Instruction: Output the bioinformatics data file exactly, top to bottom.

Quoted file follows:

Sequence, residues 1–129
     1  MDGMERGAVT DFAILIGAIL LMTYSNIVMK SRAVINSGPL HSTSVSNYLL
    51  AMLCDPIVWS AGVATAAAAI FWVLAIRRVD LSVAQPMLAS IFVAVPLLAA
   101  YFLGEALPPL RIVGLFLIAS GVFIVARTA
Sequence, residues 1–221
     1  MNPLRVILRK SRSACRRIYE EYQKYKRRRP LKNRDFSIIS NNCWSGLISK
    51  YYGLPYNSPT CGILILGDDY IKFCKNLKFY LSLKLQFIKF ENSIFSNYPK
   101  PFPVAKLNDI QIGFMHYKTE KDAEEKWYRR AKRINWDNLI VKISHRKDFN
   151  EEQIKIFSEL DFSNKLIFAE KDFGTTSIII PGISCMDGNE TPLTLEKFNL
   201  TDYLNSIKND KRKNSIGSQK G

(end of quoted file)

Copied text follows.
Sequence, residues 1–129
     1  MDGMERGAVT DFAILIGAIL LMTYSNIVMK SRAVINSGPL HSTSVSNYLL
    51  AMLCDPIVWS AGVATAAAAI FWVLAIRRVD LSVAQPMLAS IFVAVPLLAA
   101  YFLGEALPPL RIVGLFLIAS GVFIVARTA
Sequence, residues 1–221
     1  MNPLRVILRK SRSACRRIYE EYQKYKRRRP LKNRDFSIIS NNCWSGLISK
    51  YYGLPYNSPT CGILILGDDY IKFCKNLKFY LSLKLQFIKF ENSIFSNYPK
   101  PFPVAKLNDI QIGFMHYKTE KDAEEKWYRR AKRINWDNLI VKISHRKDFN
   151  EEQIKIFSEL DFSNKLIFAE KDFGTTSIII PGISCMDGNE TPLTLEKFNL
   201  TDYLNSIKND KRKNSIGSQK G